UPDATE: On Friday afternoon, a day after this story was published, 9News reporter Kyle Clark tweeted that Moore had pulled out of this event.
“A Ganahl spokesperson says the campaign agreed to participate prior to the inclusion of Oltmann and cancelled after seeing the flyer,” Clark tweeted.
Republican candidate for Colorado Secretary of State Pam Anderson criticized Moore for attending the event before it was announced Moore had pulled out.
“If this is true, no candidate should attend this and it should be cancelled,” Anderson tweeted. “Joe Oltmann is reprehensible and a conspiracy driven grifter. His violent rhetoric threatens democracy and the safety of election officials.”
Danny Moore, a Republican running to be Colorado’s next Lieutenant Governor, is appearing at an event next week with Colorado’s most extreme election conspiracist: QAnon-promoting militia leader Joe Oltmann.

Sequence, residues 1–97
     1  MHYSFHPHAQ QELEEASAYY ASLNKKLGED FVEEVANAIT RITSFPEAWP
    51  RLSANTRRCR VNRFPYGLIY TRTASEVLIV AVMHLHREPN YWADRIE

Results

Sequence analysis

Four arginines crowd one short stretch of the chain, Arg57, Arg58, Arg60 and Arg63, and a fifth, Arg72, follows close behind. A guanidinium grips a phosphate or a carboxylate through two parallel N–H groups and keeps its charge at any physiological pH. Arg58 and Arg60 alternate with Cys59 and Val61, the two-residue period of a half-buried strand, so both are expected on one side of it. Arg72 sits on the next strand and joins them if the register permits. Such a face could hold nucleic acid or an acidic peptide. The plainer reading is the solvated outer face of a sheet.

The event is being held in Evergreen by two conservative groups, the Mountain Republican Club and the 285 Tea Party, on Tuesday, October 18.
Oltmann is the founder of FEC United, a controversial extremist militia that has pushed election fraud conspiracy theories that have been widely debunked by courts, election officials, and independent fact-checkers. Last year, Oltmann said that he wanted to see Gov. Jared Polis (D-CO) — and other politicians who Oltmann disagreed with — killed.
In April the Colorado Times Recorder published a comprehensive timeline outlining Oltmann’s rise to power and the close ties between him, FEC United, and the Colorado Republican Party.
Moore has also pushed election fraud conspiracy theories, saying last year that the 2020 presidential election was a “Democrat steal.”
In July, after being chosen by Republican candidate for Governor Heidi Ganahl to be her running mate, Moore falsely claimed in a column for the Denver Gazette that he “always believed that Joe Biden was legitimately elected president.”
Throughout her campaign, Ganahl has tried to avoid discussing her stance on the legitimacy of the 2020 presidential election. However, Ganahl refuses to explicitly denounce claims of fraud, continues to campaign with election deniers, and praises election fraud conspiracy groups.